Decatur School Board to discuss master plan, new upper elementary school projectCity Schools of Decatur is planning to construct a new early learning center and upper elementary school as the district addresses capacity needs over the next five years. Photo is from the CSD website.
This story has been updated.
Decatur, GA — The City Schools of Decatur School Board will meet on Tuesday, Oct. 26, at 6 p.m. for a work session. The meeting will be held in person at the Wilson School Support Center, 125 Electric Ave. in Decatur.
The meeting will also be available virtually through Zoom. To attend the meeting via Zoom, click here.
To view the meeting agenda, click here.
During the meeting, the School Board will discuss the district’s five-year master plan. The master plan includes a $24 million project for a new combined early learning center and upper elementary school along West Trinity Place between Electric Avenue and Commerce Drive, across the street from the CSD central offices. The lot currently an open area and is owned by the school district.
“When it was purchased there was agreement made between the city, Decatur Housing Authority, and CSD that an early learning center would be built on that property,” Superintendent Maggie Fehrman said.
Fehrman also said that “both Talley and [Fifth Avenue Upper Elementary Schools] are projected to be over capacity in the next five years, so additional classroom space is needed. At this point, it is very preliminary and just one option for addressing growth in our student population.”
Talley Street Upper Elementary School is expected to reach its capacity by the end of the school year. Talley Street has the capacity for 742 students and is projected to have 757 students enrolled for the 2021-2022 school year.
The five-year Capital Construction Master Plan addresses options to update and maintain the school and non-school facilities and will set the direction for development and growth at CSD to support the school system’s vision, according to the agenda packet.
The early learning center would have an infant center, one and two-year-olds classrooms, a pre-school, and pre-K classrooms. The new building will double CSD’s current early learning center capacity. College Heights would be converted into a lower elementary school with a capacity of 325, as Winnona Park Elementary School has reached its capacity.
The upper elementary school would have 10 classrooms with the capacity for 250 students total, and an administrative suite. The facility would also have a new media, multipurpose space, and a kitchen and cafeteria.
Fifth Avenue Upper Elementary School will also see $9.25 million worth of renovations to expand the campus. The school has the capacity for 661 students, but the school’s enrollment in the 2019-2020 and 2020-2021 school years was 681. Enrollment is slightly down this year at 654 students but is projected to increase to 678 by the 2024-2025 school year, according to the agenda packet.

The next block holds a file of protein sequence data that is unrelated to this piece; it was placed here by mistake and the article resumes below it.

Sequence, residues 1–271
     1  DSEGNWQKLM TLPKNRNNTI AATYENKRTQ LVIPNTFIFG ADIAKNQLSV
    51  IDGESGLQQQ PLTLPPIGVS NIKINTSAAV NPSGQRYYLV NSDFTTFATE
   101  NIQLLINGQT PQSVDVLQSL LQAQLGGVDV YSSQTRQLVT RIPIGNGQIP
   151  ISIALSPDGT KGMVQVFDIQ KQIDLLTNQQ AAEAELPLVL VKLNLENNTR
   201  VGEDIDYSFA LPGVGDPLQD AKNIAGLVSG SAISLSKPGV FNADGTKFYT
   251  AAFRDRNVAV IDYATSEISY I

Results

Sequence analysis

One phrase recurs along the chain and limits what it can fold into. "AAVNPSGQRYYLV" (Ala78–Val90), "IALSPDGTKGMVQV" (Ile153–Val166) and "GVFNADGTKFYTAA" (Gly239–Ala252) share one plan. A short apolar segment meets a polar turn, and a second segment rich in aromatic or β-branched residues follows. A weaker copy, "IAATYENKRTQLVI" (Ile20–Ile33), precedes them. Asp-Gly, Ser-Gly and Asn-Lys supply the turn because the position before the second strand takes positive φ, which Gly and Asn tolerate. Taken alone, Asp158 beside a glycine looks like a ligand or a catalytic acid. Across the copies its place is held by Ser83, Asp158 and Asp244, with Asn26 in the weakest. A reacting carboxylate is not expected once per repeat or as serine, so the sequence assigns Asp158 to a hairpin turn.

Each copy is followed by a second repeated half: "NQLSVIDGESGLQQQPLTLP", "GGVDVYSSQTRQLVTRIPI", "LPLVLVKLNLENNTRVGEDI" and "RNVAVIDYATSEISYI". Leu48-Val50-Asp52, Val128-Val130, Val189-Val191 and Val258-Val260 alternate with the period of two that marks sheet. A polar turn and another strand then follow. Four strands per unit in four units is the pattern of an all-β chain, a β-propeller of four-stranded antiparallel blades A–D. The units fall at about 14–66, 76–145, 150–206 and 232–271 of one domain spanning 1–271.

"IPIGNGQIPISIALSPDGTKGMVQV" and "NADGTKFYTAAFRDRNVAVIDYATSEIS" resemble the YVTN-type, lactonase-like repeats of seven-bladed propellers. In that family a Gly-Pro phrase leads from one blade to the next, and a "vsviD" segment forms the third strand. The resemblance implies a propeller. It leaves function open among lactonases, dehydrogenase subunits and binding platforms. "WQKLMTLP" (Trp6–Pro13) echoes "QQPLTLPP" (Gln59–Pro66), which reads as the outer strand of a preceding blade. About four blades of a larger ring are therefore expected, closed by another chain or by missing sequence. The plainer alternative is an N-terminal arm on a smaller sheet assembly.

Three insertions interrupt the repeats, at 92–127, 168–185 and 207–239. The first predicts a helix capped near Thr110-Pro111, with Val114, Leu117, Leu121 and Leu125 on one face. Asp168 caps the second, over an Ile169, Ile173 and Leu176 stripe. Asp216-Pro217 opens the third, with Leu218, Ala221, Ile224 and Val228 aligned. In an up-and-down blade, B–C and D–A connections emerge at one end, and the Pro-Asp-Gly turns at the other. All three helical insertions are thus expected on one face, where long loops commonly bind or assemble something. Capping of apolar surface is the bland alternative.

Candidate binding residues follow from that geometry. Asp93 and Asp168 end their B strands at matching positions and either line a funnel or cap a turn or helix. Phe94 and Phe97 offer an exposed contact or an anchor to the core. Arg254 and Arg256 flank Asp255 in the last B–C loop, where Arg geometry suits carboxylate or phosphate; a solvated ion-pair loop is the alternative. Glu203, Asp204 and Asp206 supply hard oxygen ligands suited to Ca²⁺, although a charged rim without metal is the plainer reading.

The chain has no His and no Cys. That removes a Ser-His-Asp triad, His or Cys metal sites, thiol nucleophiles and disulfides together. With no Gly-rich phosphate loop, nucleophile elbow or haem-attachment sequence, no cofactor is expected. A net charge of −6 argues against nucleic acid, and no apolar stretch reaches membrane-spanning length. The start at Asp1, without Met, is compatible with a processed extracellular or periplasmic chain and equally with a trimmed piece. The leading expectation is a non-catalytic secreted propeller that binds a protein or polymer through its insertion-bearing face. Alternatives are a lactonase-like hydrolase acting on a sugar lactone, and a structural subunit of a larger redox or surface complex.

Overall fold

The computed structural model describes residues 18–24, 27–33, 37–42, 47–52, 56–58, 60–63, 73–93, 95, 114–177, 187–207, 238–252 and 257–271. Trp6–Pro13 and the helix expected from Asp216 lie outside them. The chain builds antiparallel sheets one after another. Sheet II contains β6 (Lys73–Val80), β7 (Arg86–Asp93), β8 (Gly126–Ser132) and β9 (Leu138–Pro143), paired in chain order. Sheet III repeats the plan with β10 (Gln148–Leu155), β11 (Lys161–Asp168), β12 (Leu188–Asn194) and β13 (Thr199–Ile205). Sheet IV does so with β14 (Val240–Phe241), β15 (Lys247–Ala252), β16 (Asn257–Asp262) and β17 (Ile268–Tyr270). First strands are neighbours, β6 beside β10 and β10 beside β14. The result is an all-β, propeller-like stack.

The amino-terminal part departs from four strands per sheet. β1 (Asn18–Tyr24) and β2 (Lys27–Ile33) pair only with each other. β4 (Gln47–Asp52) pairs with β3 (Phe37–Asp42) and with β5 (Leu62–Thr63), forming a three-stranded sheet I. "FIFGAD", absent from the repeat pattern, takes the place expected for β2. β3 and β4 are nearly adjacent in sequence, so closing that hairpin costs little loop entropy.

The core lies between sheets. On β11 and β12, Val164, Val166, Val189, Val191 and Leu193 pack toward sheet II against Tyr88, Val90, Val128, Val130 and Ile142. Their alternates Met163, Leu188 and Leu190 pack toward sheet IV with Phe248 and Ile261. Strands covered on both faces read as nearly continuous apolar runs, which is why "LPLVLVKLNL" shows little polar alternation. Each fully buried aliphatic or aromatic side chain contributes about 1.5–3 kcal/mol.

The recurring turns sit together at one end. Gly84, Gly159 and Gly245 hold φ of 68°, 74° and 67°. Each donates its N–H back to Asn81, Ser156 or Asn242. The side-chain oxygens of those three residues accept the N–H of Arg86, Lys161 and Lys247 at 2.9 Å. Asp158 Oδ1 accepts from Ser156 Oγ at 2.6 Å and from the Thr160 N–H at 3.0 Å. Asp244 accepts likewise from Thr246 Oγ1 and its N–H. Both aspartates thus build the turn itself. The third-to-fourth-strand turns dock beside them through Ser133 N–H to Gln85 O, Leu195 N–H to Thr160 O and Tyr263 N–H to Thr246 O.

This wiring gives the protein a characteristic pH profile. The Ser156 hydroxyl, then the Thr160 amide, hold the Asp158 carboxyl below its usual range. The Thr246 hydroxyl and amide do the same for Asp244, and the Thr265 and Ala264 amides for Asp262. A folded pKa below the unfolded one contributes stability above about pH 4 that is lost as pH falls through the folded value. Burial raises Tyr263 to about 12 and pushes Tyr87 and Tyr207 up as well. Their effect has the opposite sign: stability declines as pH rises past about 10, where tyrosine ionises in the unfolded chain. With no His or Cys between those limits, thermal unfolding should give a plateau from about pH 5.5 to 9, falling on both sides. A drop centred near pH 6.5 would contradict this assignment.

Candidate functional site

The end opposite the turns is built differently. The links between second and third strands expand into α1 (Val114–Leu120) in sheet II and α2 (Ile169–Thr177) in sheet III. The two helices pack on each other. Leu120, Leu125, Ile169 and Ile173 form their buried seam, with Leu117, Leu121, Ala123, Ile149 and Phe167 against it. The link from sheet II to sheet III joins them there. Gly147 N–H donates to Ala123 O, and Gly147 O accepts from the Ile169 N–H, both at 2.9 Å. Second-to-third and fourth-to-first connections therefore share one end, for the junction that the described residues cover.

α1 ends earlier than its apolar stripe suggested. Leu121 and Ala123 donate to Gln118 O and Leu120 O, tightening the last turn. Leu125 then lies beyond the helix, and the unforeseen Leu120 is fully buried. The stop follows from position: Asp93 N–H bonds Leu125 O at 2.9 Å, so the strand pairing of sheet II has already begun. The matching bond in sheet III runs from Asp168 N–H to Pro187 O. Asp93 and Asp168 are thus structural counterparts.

At Fifth Avenue Upper Elementary School, 12 classrooms will be added, increasing the school’s capacity to 700 students. The gym will more than double in size, expanding from 2,041 square feet to 5,000 square feet.
The kitchen and media center will be expanded into a cafeteria. Additionally, the school will get a new cafeteria area, a new synthetic turf playing field will be added, 24 new parking spaces will be included in the parking lot, as well as additional bus queue space.
City Schools of Decatur plans to partner with the city of Decatur to build a track and field at Legacy Park. The project would include a synthetic turf field sized for soccer but set up for football and lacrosse, an eight-lane track, 500-person capacity bleachers, an event plaza and a future field house. The estimated cost for the school district is $2.5 million.
Additionally, the School Board will review the district’s grievance policy for staff and students. Superintendent Maggie Fehrman previously said the district will update its grievance policy to provide a clear route to submit grievances, including those against the superintendent and the highest levels of leadership.
The agenda packet states that all certified and non-certified CSD employees have the right to present and resolve complaints relating to matters that affect the employment relationship at the lowest organizational level possible.
“The District encourages all employees to resolve their complaints informally in a spirit of collegiality where possible. This procedure is available where such efforts do not succeed or, where for any other reason, the employee desires to pursue this procedure,” the agenda packet says.
Students and community members can also report incidents to any school staff member or the Title VI compliance liaison if they have been discriminated against, or treated unfairly or unlawfully because of their race, religion, gender, or other protected classes.
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